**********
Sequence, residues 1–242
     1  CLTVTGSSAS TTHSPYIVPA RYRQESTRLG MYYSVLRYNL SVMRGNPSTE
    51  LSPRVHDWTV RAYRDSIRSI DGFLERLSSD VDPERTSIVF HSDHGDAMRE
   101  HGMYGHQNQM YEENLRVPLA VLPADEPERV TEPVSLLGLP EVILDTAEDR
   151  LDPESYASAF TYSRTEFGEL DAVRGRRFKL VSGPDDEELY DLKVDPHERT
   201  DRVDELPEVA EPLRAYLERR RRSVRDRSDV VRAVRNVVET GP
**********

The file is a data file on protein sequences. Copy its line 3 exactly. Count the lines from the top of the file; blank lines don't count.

    51  LSPRVHDWTV RAYRDSIRSI DGFLERLSSD VDPERTSIVF HSDHGDAMRE